Six different breeds were in town for the show – here are five of them.
The whole town had been decked out in sheep-related stuff: stalls dedicated to weaving, knitting, crocheting; literature and story-telling about sheep and shepherds; shearing and sheep dog trials; high fashion felt garments and low fashion stuffed critters; no article of street furniture was left un-yarnbombed – including the tourist tuff-tuff. (Which I am not sure has ever carried a tourist.)
Neil felt quite at home in this woolly company.
It was a hot, hot day. I caused some alarm when my drinking flask exploded. Usually it contains tea but I had experimented on this hot day with Perrier menthe. Walking about shook it up and the lid exploded off. Only a modest explosion but not a good thing in a crowded French square at the moment.
After the story-telling, overloaded with so much sheepy and woolly activity we got back in the car, hit the air-con and headed to Annie’s place nearby. From low art to high art. She had said it was open house to view the gallery of her partner Guidi. And so it was. Not a soul was about but the house was open and the barn was open with pictures and sculptures displayed. What a place for a gallery…
We studied the art on the walls and flicked through those on the stands – quite nice some of them – but no-one came. A very literal interpretation of an open house.
Back to the lake for a dip.
Skipping lightly over the days in my vain attempt to catch up, we went home and footled about until the local highlight of the summer the following weekend. This was the repas champêtre , promising spit roasted pork (jambon á la broche) and dancing. The road was closed outside the Marie, trestle tables set up and this great rural summer time tradition unrolled. After eleven years we are now recognised as part of the community and it is nice to be greeted by people we still hardly know but nod at regularly. Especially Neil, for whom nodding and smiling is the main form of communication with French speakers. With a smattering of words and phrases, and huge good will, he can get quite a long way. Taking random seats we are lucky to end up sitting with a group of Dutch visitors who speak perfect English so conversation could flow unimpeded.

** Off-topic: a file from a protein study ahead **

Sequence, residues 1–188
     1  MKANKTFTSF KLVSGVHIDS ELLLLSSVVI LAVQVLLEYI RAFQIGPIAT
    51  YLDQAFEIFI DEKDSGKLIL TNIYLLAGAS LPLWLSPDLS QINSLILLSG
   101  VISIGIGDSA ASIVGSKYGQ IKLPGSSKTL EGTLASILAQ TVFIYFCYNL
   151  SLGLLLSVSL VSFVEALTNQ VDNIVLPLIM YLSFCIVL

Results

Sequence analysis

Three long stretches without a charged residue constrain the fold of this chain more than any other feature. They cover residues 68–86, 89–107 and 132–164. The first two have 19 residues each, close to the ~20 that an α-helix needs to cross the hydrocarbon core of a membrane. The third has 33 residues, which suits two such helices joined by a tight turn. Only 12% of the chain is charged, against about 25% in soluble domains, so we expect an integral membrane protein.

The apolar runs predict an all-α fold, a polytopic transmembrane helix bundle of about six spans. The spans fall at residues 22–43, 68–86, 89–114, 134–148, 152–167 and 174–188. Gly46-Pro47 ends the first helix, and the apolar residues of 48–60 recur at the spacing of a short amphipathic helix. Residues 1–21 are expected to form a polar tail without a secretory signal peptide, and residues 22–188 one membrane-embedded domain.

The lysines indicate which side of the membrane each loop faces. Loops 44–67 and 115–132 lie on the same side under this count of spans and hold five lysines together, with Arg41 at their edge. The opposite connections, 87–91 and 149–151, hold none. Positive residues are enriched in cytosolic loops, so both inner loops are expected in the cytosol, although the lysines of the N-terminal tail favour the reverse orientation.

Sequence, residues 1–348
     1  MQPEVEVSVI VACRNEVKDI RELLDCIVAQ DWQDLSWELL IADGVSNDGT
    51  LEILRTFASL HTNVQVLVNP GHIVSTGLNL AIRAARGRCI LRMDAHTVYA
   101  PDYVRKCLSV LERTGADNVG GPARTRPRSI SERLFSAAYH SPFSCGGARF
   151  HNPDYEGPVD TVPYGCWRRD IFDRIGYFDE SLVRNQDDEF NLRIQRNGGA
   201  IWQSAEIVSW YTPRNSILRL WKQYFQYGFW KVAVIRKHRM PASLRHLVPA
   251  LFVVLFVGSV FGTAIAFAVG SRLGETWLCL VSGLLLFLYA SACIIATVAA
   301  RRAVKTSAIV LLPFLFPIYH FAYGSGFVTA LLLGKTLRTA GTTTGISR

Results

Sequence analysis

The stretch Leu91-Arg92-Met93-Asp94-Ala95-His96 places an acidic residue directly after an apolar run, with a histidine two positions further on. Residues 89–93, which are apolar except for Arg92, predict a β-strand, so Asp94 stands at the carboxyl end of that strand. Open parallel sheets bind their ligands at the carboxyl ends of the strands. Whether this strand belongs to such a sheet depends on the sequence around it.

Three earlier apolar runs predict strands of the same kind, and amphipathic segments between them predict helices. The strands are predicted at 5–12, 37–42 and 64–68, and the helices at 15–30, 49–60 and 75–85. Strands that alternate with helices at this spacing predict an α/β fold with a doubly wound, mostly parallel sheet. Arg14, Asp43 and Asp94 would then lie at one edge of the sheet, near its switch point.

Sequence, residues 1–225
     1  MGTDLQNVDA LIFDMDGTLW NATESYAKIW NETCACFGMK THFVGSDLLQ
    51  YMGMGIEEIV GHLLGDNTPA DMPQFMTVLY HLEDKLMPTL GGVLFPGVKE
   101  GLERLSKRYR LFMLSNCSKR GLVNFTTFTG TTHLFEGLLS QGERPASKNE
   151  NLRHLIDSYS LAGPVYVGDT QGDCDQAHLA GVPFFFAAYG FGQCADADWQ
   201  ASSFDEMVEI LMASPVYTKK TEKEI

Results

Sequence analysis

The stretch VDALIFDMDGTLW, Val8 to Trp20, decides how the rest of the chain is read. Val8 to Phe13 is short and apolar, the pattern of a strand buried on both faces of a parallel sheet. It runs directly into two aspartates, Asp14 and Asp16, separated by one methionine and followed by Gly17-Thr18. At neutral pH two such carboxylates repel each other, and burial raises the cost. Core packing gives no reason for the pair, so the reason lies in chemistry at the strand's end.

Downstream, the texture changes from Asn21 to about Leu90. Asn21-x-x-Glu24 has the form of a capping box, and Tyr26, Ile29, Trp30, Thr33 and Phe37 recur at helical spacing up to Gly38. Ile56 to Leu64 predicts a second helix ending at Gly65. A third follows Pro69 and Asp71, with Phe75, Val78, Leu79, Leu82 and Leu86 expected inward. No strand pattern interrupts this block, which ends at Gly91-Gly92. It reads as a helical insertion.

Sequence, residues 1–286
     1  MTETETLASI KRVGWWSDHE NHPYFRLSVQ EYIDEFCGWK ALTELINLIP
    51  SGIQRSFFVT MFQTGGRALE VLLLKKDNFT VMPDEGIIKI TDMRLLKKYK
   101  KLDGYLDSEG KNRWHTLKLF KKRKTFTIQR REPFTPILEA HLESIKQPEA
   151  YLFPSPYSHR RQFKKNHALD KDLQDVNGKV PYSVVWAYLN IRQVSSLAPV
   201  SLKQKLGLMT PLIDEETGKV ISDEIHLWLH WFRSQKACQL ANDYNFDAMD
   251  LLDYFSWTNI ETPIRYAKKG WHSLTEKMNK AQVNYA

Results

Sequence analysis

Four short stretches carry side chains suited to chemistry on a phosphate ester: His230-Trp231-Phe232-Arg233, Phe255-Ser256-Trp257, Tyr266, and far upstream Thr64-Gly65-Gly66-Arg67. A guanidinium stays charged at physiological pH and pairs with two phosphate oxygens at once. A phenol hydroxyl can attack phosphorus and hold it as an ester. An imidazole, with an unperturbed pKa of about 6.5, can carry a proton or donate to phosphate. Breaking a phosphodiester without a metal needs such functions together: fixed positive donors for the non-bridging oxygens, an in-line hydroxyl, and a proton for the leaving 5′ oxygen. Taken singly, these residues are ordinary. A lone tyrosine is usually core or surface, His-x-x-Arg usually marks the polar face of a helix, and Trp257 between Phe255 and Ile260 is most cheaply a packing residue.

It’s all very convivial and the wine flows as well.
Dinner is served al fresco. The chicken wire is due to another piece of local politics. These events used to happen in the road and on the piece of land opposite, only half of which is owned by the commune. Then the owner of the other half took his bat home and put a chicken wire fence around his part and, for a year or two events were squeezed up a bit. Not sure what happened (well, there was an election and a change of Mayor) but now the gates are opened and we have spread back onto that half again.
Dinner is served: melon to start, jambon with frites to follow, a piece of cheese (of course) and a raspberry frozen meringue thing. Not bad for 14 euros including music. A great night out – we heard the stopouts staggering home at about 2 am.